Quitting a Book | BOOKS

For the most part, I am not a quitter. I am not someone who (easily) gives up.

I push through. I am usually happy I pushed through and the outcome tends to be worth the perceived suffering.

I will be the first one to tell someone that life is too short to read bad books. But do I follow my own advice?

OF COURSE NOT! Ha.

It is pretty easy for me to give up on library books – I did not pay for it and you can only renew a book so many times before the library is like, give us our shit back. But books I spent actual cash money on is a bit tougher. Same goes for the few books I am able to get Netgalley to grant me permission to – I feel like it is a wasted gift and opportunity.

Image result for no gif

When I re-joined Netgalley (with a clean slate) I told myself I would only request books I would actually read. When I first discovered Netgalley, some years ago, I got sucked down the rabbit hole of requesting all the books.

Recently I was granted permission to read an Advanced Readers Copy (ARC) of a book due to come out in July. It sounded like a cute book; maybe not something I would have normally picked up but I have been in the mood to read stuff I would not normally read. I tried so hard but I just like I could not get into the story. Picking up this book felt like a chore, even work. I decided to see how long I had been reading this book; I log everything I’m reading in my Goodreads. It felt like it had been a month but according to my Goodreads it was “only” two weeks.

For an avid reader two weeks is way too long to be reading a book, even one you can’t get into it.

I was torn. I owed it to the author and/or publisher to read the book.

While scrolling Instagram (I know, bad Jenna) I came across an IG story where someone was saying they finished a book and was disappointed with it. They continued on saying that it was not what they thought it was going to be and they thought they should have DNF’ed it but didn’t and that lead to their disappointment in the book.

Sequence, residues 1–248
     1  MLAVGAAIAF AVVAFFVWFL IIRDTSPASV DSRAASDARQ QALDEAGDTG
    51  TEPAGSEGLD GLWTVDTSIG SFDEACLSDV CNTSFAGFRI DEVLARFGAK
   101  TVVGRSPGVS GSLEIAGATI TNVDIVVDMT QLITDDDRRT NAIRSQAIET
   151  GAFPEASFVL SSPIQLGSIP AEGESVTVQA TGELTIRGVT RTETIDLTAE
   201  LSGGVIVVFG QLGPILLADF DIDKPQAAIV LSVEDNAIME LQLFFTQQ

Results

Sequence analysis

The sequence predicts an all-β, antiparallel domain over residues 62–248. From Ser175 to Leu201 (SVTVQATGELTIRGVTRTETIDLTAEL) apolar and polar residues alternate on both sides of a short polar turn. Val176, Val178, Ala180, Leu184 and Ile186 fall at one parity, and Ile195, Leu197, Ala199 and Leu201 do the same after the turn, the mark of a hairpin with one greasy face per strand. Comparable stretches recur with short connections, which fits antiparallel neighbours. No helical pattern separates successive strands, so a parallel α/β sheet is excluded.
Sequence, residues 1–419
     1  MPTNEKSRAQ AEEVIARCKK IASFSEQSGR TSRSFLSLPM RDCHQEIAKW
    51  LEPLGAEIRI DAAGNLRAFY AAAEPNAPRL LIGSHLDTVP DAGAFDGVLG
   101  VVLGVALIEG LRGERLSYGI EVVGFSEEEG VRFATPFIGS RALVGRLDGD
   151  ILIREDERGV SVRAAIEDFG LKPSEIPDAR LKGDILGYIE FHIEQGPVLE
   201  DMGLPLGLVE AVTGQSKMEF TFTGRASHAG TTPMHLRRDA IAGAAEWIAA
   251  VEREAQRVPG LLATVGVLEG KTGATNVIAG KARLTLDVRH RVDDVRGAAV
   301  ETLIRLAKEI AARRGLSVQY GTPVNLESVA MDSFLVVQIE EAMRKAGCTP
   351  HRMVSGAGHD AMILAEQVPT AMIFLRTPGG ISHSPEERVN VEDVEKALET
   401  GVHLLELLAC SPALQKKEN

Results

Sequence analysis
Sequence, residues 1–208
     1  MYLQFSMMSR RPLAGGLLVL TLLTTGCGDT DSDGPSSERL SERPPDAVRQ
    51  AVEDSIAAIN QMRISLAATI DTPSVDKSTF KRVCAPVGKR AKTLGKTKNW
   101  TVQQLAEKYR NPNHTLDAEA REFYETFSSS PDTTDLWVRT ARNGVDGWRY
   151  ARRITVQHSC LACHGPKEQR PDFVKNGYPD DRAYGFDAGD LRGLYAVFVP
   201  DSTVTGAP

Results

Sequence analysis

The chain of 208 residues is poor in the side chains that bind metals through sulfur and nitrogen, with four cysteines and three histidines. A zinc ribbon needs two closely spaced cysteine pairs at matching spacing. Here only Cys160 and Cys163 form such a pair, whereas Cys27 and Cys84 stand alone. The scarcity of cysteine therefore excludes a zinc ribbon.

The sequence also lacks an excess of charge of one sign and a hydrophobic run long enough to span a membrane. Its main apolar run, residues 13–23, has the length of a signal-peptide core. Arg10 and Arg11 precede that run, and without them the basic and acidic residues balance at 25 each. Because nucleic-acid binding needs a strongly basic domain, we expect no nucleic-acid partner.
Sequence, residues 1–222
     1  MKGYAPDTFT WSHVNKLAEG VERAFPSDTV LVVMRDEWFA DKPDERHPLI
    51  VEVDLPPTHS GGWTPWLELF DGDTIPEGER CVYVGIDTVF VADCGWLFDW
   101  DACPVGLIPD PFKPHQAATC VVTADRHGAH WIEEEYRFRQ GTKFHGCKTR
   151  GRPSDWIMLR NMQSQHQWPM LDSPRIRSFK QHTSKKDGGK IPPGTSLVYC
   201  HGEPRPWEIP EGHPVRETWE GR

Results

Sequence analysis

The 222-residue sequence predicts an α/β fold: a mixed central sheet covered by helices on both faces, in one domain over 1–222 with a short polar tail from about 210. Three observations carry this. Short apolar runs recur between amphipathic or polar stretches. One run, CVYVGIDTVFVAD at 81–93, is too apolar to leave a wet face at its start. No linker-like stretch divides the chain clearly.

Image result for hm gif
Image result for light bulb moment gif

I did not want to force myself to read a book and then leave a lackluster review because I forced myself to finish it. That would not be fair to the author or publisher.

So I quit the book right then and there.

I went to the NetGalley site, to my shelf, selected the book for feedback then clicked the “I will not be giving feedback on this title” link. Which then sends you to another page to select why you will not be leaving feedback and a provide more details box.

While I was on the site I realized there were two other books I had been approved for that I knew I was not going to be reading. One was in a format I could not have easily read and the other was not properly formatted (for Kindle); the line breaking was weird and it was hard to tell where sections/chapters started and ended.

Image result for nobody got time for that gif

So I did the exact same thing to those two other titles. I felt bad but I would feel worse giving something a poor review simply because I was not into it.

I know someone is out there reading this like, who does this woman think she is. Hi, my name is Jenna…

Quit the damn book if you’re not into it.

No one benefits from you finishing something you did not like in the first place. There will be other books and other ARCs.

JS.

Leave a Reply

Fill in your details below or click an icon to log in:

WordPress.com Logo

You are commenting using your WordPress.com account. Log Out /  Change )

Google photo

You are commenting using your Google account. Log Out /  Change )

Twitter picture

You are commenting using your Twitter account. Log Out /  Change )

Facebook photo

You are commenting using your Facebook account. Log Out /  Change )

Connecting to %s

This site uses Akismet to reduce spam. Learn how your comment data is processed.